Amid Calls for Gay’s Resignation, Harvard Corporation Convenes for Scheduled Meeting
UPenn’s President Resigned. What Does it Mean for Harvard President Claudine Gay?
74 Members of Congress Demand Harvard President Gay Resign in Letter to Governing Board Members
Doxxed Harvard Students Decry ‘Heinous and Aggressive’ Online Harassment, Call for Greater Support from University
‘I Am Sorry’: Harvard President Gay Addresses Backlash Over Congressional Testimony on Antisemitism
“As long as you can still grab a breath, you fight. You breathe. Keep breathing.” —Hugh Glass, “The Revenant”
When you try to breathe in the air at the top of Mount Kilimanjaro, you fill your lungs with roughly half as much oxygen as you would at sea level. This can lead to altitude sickness, which is a friendly way of saying that your brain and all other vital organs begin to malfunction, simulating — and sometimes actually precipitating — suffocation.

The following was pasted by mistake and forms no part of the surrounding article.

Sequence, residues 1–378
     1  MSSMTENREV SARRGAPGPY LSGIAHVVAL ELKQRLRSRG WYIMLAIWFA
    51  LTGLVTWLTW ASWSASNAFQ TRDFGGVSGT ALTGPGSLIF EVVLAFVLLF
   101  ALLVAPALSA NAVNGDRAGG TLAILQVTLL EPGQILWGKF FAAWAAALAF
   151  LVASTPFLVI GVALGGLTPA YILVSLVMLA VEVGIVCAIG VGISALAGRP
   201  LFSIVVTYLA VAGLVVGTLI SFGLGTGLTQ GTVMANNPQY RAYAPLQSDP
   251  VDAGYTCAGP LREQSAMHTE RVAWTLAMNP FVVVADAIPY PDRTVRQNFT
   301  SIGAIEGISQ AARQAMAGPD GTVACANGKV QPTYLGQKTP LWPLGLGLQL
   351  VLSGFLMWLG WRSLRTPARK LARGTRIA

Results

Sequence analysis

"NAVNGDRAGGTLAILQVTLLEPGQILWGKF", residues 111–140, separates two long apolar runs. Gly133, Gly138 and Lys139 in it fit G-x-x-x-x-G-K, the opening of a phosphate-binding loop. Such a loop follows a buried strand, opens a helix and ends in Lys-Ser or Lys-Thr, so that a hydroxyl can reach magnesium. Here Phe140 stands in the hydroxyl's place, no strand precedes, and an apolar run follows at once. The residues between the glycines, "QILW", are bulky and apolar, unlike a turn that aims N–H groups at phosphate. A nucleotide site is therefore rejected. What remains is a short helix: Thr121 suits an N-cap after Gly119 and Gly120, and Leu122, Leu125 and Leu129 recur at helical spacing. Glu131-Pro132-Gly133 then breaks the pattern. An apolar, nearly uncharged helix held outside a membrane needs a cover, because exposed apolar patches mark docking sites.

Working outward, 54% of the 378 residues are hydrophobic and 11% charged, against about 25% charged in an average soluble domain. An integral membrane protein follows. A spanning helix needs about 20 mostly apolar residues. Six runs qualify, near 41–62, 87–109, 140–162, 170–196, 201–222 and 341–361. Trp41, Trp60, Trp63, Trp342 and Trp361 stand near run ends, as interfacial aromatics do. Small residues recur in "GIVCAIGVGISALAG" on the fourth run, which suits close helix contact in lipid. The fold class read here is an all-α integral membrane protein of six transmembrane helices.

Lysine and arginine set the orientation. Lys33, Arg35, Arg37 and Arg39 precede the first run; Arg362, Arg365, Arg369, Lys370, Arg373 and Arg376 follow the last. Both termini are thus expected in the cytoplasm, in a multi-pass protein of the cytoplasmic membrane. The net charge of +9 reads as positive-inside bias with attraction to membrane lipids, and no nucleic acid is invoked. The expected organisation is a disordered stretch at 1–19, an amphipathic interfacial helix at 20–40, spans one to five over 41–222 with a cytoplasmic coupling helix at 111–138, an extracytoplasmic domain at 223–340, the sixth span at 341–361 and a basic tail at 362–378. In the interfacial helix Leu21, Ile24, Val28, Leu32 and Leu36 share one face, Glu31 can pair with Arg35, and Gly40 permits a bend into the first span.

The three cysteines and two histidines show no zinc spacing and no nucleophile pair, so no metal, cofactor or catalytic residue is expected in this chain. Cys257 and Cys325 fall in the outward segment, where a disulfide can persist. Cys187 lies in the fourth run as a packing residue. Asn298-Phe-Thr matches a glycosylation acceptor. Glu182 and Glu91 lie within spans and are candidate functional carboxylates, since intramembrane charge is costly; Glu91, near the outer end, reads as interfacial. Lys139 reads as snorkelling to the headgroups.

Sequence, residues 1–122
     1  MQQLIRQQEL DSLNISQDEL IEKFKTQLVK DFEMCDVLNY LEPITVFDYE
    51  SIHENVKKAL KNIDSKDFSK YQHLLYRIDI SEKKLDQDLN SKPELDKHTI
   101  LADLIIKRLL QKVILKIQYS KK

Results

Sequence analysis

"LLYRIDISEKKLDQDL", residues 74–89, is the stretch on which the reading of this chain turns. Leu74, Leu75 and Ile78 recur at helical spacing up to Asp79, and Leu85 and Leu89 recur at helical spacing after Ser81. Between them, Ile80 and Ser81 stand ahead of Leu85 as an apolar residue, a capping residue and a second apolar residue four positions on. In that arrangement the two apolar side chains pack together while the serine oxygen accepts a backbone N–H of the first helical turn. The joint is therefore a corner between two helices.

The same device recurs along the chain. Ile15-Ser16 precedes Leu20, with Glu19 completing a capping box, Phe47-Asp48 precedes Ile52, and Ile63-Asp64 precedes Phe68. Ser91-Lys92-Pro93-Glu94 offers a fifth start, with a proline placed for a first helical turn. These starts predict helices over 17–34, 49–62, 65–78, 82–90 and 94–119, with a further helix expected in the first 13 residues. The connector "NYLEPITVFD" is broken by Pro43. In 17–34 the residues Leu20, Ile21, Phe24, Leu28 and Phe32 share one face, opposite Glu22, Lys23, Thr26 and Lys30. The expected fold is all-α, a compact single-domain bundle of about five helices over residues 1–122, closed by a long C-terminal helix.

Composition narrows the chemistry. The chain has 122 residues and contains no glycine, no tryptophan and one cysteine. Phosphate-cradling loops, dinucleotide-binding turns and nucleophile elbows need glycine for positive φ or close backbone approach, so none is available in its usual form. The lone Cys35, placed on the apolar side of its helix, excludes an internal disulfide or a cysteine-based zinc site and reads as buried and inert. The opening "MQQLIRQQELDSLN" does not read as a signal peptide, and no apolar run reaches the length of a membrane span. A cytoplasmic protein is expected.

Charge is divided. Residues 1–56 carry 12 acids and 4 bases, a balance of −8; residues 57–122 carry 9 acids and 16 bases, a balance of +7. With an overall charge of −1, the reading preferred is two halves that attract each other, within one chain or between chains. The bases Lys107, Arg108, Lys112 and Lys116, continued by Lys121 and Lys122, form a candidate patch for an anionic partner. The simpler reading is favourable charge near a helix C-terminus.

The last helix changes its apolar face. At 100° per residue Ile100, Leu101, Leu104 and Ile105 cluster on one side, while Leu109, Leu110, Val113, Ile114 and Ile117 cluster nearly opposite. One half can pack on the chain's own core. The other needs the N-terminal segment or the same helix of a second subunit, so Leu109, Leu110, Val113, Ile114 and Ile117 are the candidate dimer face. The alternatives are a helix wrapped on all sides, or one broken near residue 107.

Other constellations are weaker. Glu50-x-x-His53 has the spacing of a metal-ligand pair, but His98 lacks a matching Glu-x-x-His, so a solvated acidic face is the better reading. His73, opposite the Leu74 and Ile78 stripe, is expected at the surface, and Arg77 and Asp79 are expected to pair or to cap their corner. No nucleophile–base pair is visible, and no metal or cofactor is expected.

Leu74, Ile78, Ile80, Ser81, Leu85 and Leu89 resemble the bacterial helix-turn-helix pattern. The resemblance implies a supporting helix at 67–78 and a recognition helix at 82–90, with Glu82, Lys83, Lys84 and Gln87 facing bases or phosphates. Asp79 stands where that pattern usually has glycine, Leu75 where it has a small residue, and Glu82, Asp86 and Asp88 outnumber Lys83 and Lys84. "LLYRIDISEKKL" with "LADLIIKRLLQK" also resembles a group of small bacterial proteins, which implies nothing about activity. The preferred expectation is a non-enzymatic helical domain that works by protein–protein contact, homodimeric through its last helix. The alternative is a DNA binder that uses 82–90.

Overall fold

“I didn’t feel like I was in my body,” Nicholas C. Ige ’25 recalled from the summit push.
What was once an introspective and meditative walk became something far more intense, where not breathing meant his vision failed and not moving meant falling over from dizziness. But Nick is an atypical human being, forged in the crucible of war alongside countless others for whom giving up was not an option.
Nick adopted a reverent tone at this point in the interview, leaning forward in his war room seat to regale me with the miraculous tale of Oliver Campbell — a fellow Army Ranger who was successfully resuscitated after succumbing to injuries sustained in combat. Willing himself to safety while severely wounded, Ollie later recounted simply focusing on his breath — a tactic that kicked in with Nick’s instincts on Kilimanjaro.
“I did not get shot four times in the chest. I was just walking up a fucking big hill with snow on it, but I felt like I was going to die,” Nick said. “And I just remember thinking about that — if you can breathe, you can fight; if you can fight, you can live. I just kept cycling that through my head. I was just trying to give myself any kind of parable to keep walking, because it felt like my whole body was shutting down on me.”
Nick has shared an abundance of stories about his courageous peers with me. It isn’t hard to imagine, however, that many of them have shared their own stories about Nick.